Reconstructing fabrics used in the clothing of “Kukruse Woman” from the late 12th century: A craftsperson’s perspective
This article focuses on the reconstruction of fabrics based on archaeological finds. When a woman’s grave from the late twelfth century AD (Kukruse Burial VI) was unearthed at Kukruse in eastern Estonia, archaeologists involved experts from various fields in studying the materials that were found in the grave – from natural scientists to textile researchers. A set of clothing was reproduced from what was found in the grave of the “Kukruse Woman”.
The grave that served as the basis for this study featured plentiful amounts of jewellery and bronze embellishments, but textile remains were extremely scarce. It was for this reason that, when it came to weaving the fabrics, other archaeological textile finds that date back to the same period had to be relied on to a degree. The aim was to achieve a visual resemblance to the historic fabric. When weaving the woollen fabrics, the yarn used was from the wool of an ancient Estonian sheep breed, the native Kihnu type, which was spun in a way that is customary for contemporary woollen mills. In order to obtain the required shade of blue, synthetic dyes were used on the yarn. The tools used met the needs of a modern weaver and increased the efficiency of the work. This article interprets handicraft skills on the basis of the crafter’s personal experience, primarily from a weaver’s perspective. Reconstructing an ancient fabric includes not only reproducing the item itself, but also the process of studying and recreating inherited skills that had since been lost.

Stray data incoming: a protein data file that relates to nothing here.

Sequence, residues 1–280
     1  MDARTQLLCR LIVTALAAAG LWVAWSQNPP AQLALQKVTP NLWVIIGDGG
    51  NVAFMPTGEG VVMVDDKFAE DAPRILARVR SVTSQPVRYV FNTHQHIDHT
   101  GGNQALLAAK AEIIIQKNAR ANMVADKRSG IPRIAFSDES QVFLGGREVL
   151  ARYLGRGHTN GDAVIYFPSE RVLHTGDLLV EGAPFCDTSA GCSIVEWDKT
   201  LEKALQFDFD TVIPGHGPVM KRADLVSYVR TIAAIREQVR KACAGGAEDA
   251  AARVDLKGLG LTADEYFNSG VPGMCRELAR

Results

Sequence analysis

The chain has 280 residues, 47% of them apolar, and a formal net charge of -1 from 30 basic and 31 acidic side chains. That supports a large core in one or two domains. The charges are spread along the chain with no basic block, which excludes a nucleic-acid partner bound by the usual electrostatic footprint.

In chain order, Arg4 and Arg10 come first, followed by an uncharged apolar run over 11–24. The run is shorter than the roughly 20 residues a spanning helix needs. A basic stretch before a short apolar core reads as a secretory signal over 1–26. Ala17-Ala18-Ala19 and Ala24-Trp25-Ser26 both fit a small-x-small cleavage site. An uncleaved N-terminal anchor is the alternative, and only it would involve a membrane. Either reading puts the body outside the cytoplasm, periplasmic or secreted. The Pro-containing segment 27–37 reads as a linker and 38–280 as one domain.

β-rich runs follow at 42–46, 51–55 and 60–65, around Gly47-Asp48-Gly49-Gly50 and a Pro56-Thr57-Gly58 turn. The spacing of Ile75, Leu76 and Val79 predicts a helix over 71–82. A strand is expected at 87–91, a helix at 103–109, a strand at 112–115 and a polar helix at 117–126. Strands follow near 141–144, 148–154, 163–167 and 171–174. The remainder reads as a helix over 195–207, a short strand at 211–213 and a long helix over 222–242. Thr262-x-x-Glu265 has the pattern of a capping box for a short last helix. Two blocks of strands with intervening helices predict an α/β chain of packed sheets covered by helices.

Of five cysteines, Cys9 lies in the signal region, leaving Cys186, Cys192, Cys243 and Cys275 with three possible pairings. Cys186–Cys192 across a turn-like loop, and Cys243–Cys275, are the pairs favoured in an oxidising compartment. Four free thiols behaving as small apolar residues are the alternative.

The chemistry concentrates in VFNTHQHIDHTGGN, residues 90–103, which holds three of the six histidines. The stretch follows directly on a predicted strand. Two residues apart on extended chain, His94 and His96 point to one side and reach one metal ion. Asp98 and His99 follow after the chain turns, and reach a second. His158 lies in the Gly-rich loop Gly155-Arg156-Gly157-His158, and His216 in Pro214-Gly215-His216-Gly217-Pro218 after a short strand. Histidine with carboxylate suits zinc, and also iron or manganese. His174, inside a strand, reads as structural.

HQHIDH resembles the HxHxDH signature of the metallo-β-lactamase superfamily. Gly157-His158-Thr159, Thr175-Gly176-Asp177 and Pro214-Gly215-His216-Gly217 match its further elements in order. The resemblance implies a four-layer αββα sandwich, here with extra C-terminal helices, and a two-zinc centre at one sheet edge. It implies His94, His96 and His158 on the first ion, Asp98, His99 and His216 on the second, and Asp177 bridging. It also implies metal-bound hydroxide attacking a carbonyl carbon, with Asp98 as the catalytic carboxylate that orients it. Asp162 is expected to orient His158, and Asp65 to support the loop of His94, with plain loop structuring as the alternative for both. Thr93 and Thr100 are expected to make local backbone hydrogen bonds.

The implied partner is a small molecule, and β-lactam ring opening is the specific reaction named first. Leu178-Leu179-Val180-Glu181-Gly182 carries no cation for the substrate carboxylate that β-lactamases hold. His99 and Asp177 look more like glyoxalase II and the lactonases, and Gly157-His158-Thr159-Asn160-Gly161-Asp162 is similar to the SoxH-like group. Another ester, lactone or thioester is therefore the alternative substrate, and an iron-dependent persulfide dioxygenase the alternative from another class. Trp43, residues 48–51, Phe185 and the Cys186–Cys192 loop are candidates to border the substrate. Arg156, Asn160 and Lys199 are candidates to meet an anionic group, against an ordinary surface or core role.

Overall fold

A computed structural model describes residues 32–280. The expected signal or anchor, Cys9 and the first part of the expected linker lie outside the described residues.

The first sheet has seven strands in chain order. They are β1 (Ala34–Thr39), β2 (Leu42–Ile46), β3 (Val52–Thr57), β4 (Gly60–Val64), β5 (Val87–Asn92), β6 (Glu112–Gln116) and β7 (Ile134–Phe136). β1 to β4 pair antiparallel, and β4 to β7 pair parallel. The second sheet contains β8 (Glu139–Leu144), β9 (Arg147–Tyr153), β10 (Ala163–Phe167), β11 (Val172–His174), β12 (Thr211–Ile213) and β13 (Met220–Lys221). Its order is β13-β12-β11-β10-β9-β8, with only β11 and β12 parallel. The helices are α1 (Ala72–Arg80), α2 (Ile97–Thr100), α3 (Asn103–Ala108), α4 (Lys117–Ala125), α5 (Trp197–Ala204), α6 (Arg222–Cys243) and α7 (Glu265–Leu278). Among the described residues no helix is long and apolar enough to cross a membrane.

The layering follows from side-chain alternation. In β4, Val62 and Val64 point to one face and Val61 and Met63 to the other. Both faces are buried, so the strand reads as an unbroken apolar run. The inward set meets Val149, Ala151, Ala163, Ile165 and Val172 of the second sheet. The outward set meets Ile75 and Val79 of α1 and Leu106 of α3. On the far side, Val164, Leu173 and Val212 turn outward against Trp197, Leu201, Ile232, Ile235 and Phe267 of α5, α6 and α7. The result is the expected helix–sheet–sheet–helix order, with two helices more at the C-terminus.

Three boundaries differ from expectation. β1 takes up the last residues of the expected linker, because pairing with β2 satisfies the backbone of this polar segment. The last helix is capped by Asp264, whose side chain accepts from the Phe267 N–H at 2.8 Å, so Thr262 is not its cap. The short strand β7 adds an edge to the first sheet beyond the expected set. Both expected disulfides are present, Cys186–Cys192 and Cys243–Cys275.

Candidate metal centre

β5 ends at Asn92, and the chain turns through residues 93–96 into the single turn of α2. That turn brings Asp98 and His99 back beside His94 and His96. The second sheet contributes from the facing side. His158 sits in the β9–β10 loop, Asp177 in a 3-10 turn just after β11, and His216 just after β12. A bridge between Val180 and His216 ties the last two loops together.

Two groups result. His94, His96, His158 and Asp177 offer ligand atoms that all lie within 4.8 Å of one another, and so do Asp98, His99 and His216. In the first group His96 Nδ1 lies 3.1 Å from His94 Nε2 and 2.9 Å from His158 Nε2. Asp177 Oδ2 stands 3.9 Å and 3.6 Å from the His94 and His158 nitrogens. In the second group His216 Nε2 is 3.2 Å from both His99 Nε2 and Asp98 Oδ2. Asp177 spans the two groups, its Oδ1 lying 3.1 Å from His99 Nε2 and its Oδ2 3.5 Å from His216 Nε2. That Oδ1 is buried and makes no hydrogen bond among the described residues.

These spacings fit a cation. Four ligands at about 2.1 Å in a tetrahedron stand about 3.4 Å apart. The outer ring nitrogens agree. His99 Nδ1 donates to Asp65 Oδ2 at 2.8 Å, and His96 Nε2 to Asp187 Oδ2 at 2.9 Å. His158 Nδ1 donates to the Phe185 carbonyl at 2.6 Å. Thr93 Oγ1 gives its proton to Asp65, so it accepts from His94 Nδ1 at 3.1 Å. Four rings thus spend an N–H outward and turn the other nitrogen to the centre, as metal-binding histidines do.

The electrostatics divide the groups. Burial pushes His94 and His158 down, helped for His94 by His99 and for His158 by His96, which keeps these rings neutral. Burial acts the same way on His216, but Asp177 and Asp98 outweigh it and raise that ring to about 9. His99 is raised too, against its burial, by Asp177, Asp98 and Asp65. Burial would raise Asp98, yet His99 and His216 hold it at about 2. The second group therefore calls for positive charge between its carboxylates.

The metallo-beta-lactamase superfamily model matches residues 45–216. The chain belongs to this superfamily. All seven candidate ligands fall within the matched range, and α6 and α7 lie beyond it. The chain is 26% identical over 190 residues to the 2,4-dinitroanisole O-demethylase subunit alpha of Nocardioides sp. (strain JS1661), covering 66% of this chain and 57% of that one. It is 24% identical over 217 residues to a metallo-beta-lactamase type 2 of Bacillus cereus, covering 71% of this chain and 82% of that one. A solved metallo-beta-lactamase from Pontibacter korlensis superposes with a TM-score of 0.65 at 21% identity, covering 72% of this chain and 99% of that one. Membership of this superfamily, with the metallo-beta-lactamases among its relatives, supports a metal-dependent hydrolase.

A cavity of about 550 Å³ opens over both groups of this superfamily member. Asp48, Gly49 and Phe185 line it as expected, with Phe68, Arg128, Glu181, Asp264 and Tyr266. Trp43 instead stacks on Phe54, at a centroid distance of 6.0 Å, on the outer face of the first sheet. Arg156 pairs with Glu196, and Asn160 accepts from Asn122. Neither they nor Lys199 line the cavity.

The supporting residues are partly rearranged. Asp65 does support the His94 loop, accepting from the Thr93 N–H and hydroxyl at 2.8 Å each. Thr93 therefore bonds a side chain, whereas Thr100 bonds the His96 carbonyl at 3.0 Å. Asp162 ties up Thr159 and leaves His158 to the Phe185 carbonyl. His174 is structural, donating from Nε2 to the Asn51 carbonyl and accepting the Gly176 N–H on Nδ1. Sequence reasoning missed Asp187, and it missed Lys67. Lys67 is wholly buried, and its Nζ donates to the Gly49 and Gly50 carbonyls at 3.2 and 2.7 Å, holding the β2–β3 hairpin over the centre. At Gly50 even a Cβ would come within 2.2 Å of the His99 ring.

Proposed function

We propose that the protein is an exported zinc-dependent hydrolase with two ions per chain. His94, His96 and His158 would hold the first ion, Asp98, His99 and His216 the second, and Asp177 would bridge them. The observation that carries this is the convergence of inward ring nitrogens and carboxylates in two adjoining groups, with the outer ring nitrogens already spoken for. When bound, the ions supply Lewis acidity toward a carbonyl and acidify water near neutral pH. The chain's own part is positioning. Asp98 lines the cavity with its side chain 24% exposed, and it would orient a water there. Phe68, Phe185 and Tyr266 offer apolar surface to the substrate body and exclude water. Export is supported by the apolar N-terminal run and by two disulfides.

Keywords: woollen fabric, reconstructing clothing, archaeological textile finds, weaving